‘Turkey will not see virus-induced food shortage’

14 May 20203 min reading

Claims that the novel coronavirus pandemic will cause a food shortage in Turkey are not rational because the country has no issues with agricultural production, especially of cereals, says an agriculture expert. Turkey, which produces around 20 million tons of wheat annually, is a self-sufficient country, Orhan Ozcatalbas told Anadolu Agency.

"Expectations of famine in the next 3-4 years for a country which has planted wheat on seven million hectares of land before the coronavirus epidemic is unrealistic unless there are unusual climatic factors," he said. Touching on Russia's suspension of wheat exports as a protectionist measure due to the coronavirus, he said Turkey imports wheat from Russia for manufacturing and exporting industrial products such as biscuits, flour, pasta and semolina and not for domestic consumption, including bread. He said the country imported 60 million tons of wheat in the last two decades and exported products equivalent to 70 million tons of wheat in the same period.

Turkey, which increased its flour exports twofold and pasta exports by more than sixfold in the last decade, is the world’s largest flour exporter and second-largest pasta exporter, Ozcatalbas noted. He said the psychological environment caused by the virus epidemic has affected the agriculture sector as well as other sectors. "As a sector that produces food for human consumption, the importance and indispensability of agriculture were seen,” he added.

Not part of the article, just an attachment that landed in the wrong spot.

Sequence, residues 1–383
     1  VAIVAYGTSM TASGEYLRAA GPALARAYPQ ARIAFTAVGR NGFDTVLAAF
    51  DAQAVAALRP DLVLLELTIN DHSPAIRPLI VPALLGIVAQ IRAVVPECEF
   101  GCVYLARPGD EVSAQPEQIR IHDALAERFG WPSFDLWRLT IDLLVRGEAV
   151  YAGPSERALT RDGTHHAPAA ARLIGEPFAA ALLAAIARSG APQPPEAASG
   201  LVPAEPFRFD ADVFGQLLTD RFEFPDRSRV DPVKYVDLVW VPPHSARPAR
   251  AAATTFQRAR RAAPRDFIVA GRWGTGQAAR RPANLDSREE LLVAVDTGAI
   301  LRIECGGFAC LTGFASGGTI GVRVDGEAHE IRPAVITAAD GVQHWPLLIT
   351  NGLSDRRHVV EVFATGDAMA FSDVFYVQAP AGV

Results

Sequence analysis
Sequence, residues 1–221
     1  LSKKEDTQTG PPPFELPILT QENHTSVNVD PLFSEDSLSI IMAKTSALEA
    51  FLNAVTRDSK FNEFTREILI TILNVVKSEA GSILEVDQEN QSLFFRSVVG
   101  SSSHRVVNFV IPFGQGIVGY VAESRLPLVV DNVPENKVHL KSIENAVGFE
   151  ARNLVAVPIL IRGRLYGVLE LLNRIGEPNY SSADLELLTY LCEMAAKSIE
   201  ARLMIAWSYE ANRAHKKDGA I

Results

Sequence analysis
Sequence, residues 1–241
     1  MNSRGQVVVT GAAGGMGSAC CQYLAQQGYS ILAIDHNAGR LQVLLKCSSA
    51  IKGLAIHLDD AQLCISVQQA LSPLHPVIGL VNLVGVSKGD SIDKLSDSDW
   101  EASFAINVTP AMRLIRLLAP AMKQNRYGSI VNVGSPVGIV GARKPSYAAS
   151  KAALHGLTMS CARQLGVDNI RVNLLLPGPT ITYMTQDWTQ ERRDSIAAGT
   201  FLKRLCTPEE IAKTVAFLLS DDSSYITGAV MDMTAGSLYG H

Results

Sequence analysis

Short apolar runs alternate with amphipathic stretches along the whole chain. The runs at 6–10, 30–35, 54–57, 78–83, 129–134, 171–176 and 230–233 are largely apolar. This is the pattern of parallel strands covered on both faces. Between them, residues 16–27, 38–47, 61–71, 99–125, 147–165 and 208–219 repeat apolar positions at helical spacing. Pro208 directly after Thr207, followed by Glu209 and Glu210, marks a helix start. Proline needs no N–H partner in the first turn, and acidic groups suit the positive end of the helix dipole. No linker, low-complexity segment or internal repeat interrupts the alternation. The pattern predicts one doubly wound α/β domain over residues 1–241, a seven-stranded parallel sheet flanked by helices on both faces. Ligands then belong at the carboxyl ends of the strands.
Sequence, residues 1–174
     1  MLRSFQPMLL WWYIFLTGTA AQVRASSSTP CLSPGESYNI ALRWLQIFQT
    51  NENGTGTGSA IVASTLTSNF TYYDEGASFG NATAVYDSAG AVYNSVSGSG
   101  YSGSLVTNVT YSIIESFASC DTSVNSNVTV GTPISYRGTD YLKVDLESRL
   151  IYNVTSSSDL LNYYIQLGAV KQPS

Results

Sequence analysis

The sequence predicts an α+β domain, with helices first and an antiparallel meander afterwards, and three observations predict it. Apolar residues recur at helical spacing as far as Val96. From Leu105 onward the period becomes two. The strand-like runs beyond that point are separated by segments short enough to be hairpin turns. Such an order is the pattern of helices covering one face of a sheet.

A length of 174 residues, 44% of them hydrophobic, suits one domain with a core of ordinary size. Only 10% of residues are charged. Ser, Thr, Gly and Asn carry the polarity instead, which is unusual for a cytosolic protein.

"Countries panicked by the coronavirus outbreak such as Italy and Spain are having difficulty handling it," he said. If the pandemic cannot be brought under control, countries with an insufficient labor force will face great difficulties in agricultural production, he noted.

GOVERNMENT SHOULD TAKE ADDITIONAL MEASURES During this period when borders are closed, some countries, including Italy, France and the Netherlands, will find it difficult to hire foreign workers from other countries such as Bulgaria, Romania and Morocco, Ozcatalbas warned. He underlined that this situation may lead to a shrinkage of the agricultural sector, usage of stocks, imports and food safety problems in these countries.

"Turkey has a great advantage because it has its seasonal agricultural workforce, but it does not mean there will be no problems in this area,” he said. He noted that the government should plan an agricultural calendar for seasonal workforces considering labor demand periods. "The decisions and measures taken by the Turkish Agriculture and Forestry Ministry regarding the hygiene, shelter and health services of seasonal and permanent workers and their families were important," he said. He said the government should also introduce additional measures for the agricultural sector such as financial support for farmers and their families to ensure the continuity of agricultural production. AA

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